Exercise Library
Drop To Split
AKA Split drop

The drop to split is a simple exercise to train quick foot movement into the proper split position, and strength and confidence in that position.
Place a bar behind the neck as you would for a back squat and hold it tightly against your traps to prevent movement. Brace your trunk and ensure even balance over the whole foot.
Without any upward drive on the bar, quickly move your feet into your split position, landing on both feet simultaneously or on the back foot a split second before the front. Your trunk should move straight down and remain at the same angle, and your balance should be equal on the feet.
If your position or balance is incorrect, adjust and hold the corrected position a second or two. Recover by stepping back about a third of the way back with the front foot, then stepping the back foot up to meet it.  
This exercise can be very intimidating and may need to be introduced to a lifter with very light weights, although eventually heavy weights will be possible. If heavier weights are desired, the jump to split is more appropriate.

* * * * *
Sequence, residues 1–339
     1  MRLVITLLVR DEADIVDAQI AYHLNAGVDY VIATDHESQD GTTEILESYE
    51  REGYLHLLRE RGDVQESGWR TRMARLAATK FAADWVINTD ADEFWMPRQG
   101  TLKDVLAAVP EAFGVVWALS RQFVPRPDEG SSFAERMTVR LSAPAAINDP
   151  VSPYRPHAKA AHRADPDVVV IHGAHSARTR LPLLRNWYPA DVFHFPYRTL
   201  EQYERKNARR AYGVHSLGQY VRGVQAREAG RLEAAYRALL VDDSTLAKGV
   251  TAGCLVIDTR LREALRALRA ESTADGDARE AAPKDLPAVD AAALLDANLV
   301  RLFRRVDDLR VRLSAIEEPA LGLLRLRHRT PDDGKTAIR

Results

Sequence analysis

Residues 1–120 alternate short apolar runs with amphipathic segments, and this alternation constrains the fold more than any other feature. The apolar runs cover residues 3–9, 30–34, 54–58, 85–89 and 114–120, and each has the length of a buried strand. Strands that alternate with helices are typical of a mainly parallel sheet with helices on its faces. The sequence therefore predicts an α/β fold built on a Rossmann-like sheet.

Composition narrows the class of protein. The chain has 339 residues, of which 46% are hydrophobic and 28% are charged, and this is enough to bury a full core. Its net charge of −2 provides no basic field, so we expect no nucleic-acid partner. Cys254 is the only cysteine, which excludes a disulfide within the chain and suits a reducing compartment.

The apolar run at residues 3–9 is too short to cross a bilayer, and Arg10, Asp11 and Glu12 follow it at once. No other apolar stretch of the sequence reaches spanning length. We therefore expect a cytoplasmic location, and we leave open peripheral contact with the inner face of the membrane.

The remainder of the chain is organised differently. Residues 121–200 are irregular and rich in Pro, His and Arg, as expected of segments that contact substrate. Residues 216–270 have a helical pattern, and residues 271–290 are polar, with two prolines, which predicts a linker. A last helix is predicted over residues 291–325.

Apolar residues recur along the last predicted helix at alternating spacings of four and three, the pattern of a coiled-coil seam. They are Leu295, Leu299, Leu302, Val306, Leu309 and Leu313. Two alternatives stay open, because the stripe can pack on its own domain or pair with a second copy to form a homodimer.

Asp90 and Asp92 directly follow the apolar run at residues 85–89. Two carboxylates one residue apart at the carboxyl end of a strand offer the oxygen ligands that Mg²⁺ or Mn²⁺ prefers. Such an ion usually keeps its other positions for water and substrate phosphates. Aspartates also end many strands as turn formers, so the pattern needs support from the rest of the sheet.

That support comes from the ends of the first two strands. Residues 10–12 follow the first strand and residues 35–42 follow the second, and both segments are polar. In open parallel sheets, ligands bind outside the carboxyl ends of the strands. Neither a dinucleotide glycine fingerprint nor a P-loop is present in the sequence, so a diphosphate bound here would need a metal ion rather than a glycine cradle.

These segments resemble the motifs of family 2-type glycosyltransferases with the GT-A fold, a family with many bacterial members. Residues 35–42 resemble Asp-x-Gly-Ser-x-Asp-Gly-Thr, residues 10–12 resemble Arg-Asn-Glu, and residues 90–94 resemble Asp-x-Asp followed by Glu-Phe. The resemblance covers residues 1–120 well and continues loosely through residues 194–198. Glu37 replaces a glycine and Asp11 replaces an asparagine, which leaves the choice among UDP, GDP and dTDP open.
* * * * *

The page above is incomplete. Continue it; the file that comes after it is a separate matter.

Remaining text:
The drop to split trains quick and accurate foot transition into the split position, and can help train the maintenance of the trunk position for lifters who tend to dive the chest forward into the split. It also strengthens the split receiving position for the jerk, which can often be a weakness that limits an athlete’s jerk.
The drop to split can be done before jerks as a primer for footwork and balance with sets of 3-5 reps around 25-60% of the lifter’s best split jerk. It can be done with heavier weights if the athlete is able to execute it properly, but like the drop snatch relative to the snatch balance, if heavier loading is the goal, the jump to split is a better exercise choice.
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Find Your Split Stance
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July 15 2015
I like to throw a few of these in on the alternate side after any jerking now. My usual split is with my left foot forward (much more stable). Due to various reasons I have an underactive left glute max and an underactive right glue medius. I've found this can be a great corrective exercise for my imbalance in addition to the unilateral stuff.
April 10 2017
I have this dilemma where if I focus too much on "jumping out" quickly to a jerk split as described on this page then I feel like I'm neglecting to use my leg drive. Is there a way to balance the two? If I focus too much on my leg drive then I usually fail to jump out as quickly and usually take a taller stance in my jerk split, causing a press out with my arms. Any suggestions? Thanks!
Jordan - you can incorporate other drills into your warm up. Such as Jerk Blances, Tall Jerks, Jerk Dip Squats, and Jerk Drives. You can also find more jerk exercises here

Alyssa Sulay